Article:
so that all entries in a directory are acted on before the directory itself. If a -depth primary is  not
              specified,  all  entries in a directory shall be acted on after the directory itself. If any -depth pri-
              mary is specified, it shall apply to the entire expression even if the -depth primary would not normally
              be evaluated.


       The primaries can be combined using the following operators (in order of decreasing precedence):

       ( expression )
              True if expression is true.

       !  expression
              Negation of a primary; the unary NOT operator.

       expression  [-a]  expression

              Conjunction  of  primaries;  the  AND  operator is implied by the juxtaposition of two primaries or made
              explicit by the optional -a operator. The second expression shall not be evaluated if the first  expres-
              sion is false.

       expression  -o  expression

              Alternation  of  primaries;  the  OR operator. The second expression shall not be evaluated if the first
              expression is true.


       If no expression is present, -print shall be used as the expression. Otherwise, if the  given  expression  does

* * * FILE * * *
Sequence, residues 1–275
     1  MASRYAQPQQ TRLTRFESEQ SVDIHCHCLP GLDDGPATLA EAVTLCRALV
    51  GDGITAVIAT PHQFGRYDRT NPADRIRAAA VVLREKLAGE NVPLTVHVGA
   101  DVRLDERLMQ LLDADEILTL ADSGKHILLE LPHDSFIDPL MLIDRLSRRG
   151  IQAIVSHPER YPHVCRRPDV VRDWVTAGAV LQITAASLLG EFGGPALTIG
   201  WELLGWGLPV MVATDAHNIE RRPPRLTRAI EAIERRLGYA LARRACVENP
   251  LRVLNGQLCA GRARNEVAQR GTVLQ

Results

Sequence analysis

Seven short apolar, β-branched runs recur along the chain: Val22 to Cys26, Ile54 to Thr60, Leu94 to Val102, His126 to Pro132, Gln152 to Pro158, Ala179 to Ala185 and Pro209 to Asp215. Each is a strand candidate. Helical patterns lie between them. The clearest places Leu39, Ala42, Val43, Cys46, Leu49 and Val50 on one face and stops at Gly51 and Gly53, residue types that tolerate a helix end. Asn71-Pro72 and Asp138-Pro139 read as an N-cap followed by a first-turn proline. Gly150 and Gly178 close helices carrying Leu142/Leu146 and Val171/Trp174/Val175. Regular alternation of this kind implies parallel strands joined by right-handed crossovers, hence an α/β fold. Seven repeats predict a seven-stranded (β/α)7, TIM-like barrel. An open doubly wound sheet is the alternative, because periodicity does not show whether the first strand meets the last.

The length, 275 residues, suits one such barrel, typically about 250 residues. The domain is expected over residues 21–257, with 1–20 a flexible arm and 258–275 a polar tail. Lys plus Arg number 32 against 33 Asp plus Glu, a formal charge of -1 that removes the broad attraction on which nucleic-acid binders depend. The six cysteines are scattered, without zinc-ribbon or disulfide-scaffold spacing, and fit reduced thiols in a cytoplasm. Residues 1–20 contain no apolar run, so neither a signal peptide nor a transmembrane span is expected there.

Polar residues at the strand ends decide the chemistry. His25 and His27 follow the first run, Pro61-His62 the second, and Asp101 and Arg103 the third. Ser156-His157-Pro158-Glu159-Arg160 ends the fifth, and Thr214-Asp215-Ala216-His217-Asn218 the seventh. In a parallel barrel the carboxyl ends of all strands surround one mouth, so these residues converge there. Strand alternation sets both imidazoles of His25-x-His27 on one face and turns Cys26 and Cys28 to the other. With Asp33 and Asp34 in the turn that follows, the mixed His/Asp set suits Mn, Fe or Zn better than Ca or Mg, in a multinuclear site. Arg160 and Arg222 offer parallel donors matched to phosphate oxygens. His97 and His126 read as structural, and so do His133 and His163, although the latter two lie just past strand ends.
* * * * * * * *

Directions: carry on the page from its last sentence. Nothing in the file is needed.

not contain any of the primaries -exec, -ok, or -print, the given expression shall be effectively replaced by:


              ( given_expression ) -print

       The -user, -group, and -newer primaries each shall evaluate their respective arguments only once.

STDIN
       If the -ok primary is used, the response shall be read from the standard input. An entire line shall be read as
       the response. Otherwise, the standard input shall not be used.

INPUT FILES
       None.

ENVIRONMENT VARIABLES
       The following environment variables shall affect the execution of find:

       LANG   Provide a default value for the internationalization variables that are unset or  null.  (See  the  Base
              Definitions  volume  of IEEE Std 1003.1-2001, Section 8.2, Internationalization Variables for the prece-
              dence of internationalization variables used to determine the values of locale categories.)

       LC_ALL If set to a non-empty string value, override the values of all the other internationalization variables.

       LC_COLLATE

              Determine the locale for the behavior of ranges, equivalence classes, and multi-character collating ele-
              ments used in the pattern matching notation for the -n option and in  the  extended  regular  expression
              defined for the yesexpr locale keyword in the LC_MESSAGES category.

       LC_CTYPE
              This variable determines the locale for the interpretation of sequences of bytes of text data as charac-
              ters (for example, single-byte as opposed to multi-byte characters in arguments), the behavior of  char-